As Noah Levine says, it may be that all we can do is make wise choices as to who we think will bring about less suffering and confusion to the world. That, he says, is where our Buddhist practice becomes a form of engaged rebellion.
Buddhist practice is a political action. Training one’s mind, heart and actions in wisdom and compassion is the ultimate form of political rebellion. The spiritual path is an engaged act of going against ignorance and oppression. Perhaps this is why the Buddha referred to his path to awakening as having been “against the stream.”
From a Buddhist perspective we find ourselves incarnated in the human realm of samsara. This realm is characterized by what are sometimes called the three fires of greed, hatred and delusion. Through personal effort and training we begin to extinguish the three fires, only to look around and see that although we are no longer engulfed in flames, the whole world is caught in a blazing inferno of suffering.
Even the most superficial assessment of the political situation in this world makes the Buddhist view of samsara ring true. We can easily see the greed, hatred and delusion that pervade the views and actions of those in power.
Buddhist practice reveals that compassion is the only rational response to the confusion and affliction that infuse the human realm. When we see that our every action can either cause or alleviate suffering, then the choices of nonviolence and non-greed are clear. The natural expression of the process of liberation is to act in ways that extinguish rather than fuel the fires that cause suffering.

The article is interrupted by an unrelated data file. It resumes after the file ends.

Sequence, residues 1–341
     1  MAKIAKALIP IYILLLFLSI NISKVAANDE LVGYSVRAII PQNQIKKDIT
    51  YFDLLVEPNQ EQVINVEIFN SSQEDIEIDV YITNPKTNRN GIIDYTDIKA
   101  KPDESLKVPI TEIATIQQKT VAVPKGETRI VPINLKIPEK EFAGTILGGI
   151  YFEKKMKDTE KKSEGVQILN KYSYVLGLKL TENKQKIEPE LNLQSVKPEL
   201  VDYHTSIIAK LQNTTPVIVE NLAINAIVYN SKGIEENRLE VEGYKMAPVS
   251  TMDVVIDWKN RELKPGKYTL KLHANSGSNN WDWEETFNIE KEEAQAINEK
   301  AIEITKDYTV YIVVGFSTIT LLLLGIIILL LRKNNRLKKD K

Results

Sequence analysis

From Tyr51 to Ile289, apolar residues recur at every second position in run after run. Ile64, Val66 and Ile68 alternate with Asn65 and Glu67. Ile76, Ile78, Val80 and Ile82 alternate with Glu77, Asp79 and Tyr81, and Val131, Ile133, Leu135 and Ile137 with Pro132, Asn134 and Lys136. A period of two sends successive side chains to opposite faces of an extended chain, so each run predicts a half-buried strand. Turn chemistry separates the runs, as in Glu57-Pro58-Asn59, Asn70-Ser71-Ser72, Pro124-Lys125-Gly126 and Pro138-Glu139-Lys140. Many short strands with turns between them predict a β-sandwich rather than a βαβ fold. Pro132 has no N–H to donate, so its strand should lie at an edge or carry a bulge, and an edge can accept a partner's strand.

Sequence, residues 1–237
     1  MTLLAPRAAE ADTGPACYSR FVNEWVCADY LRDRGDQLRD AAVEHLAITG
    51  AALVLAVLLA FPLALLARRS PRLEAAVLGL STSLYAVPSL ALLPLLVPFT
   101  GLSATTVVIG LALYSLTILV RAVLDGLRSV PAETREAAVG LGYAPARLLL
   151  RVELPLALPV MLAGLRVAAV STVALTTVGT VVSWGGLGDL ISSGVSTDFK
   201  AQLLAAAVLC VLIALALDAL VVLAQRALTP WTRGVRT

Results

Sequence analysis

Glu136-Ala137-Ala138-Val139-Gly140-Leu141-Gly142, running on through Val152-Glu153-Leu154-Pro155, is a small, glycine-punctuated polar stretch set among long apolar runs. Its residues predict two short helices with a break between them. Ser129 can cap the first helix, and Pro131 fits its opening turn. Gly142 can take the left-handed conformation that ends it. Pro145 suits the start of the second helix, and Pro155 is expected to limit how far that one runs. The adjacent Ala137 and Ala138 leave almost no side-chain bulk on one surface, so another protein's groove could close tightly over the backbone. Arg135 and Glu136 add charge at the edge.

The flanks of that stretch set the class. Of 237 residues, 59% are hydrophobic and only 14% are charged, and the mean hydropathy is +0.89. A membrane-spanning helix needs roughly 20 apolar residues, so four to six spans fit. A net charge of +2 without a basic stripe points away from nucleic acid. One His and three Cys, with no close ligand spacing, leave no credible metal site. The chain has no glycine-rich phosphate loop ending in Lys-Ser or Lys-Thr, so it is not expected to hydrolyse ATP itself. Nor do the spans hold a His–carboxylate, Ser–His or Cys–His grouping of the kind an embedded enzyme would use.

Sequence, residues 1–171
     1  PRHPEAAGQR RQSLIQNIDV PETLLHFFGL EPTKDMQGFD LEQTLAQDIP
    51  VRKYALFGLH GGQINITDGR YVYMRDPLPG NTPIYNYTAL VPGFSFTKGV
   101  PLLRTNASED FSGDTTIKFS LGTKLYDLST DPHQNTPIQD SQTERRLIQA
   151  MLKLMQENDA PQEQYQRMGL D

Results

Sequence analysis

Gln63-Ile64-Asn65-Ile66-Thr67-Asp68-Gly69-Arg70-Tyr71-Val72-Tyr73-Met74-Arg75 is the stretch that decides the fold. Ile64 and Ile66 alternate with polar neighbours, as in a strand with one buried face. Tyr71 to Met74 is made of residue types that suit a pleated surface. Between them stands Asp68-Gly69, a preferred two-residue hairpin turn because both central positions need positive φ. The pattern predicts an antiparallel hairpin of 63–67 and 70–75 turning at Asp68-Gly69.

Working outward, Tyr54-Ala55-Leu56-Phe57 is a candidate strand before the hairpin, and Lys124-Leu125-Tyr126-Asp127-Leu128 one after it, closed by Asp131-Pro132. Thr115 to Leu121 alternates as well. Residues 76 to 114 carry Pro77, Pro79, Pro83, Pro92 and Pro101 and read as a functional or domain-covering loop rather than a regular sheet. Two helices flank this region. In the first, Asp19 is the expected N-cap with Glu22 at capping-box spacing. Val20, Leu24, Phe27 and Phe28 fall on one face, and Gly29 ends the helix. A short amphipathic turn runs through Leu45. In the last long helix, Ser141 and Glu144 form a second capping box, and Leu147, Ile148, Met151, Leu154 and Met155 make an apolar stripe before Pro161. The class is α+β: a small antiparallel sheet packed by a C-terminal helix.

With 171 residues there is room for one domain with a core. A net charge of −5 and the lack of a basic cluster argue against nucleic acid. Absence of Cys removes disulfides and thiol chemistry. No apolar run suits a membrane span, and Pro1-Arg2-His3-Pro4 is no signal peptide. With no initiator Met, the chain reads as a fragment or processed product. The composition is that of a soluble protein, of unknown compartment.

This poses a personal and political dilemma. We know that samsara is a place of confusion, yet we also know that it is possible to understand this confusion and find personal freedom within this very realm. We know that we must respond with love and compassion to the suffering caused by those who have no understanding of these universal truths. We must then consider the implications of empowering political leaders who are ignorant as to the nature of reality and the consequences of their actions.
We may never have the opportunity to empower an enlightened or even wise being in the political arena. We may always be stuck with choosing the less deluded of two deluded beings. It may be that all we can do is make wise choices as to who we think will bring about less suffering and confusion to the world. From the perspective of non-harming we can see that no choice is the right one, but to make no choice at all is perhaps even worse.
So this is where our Buddhist practice becomes an engaged form of inner and outer rebellion—freeing ourselves from greed, hatred and delusion and doing all we can to lessen the suffering in the world caused by fear, ignorance and oppression.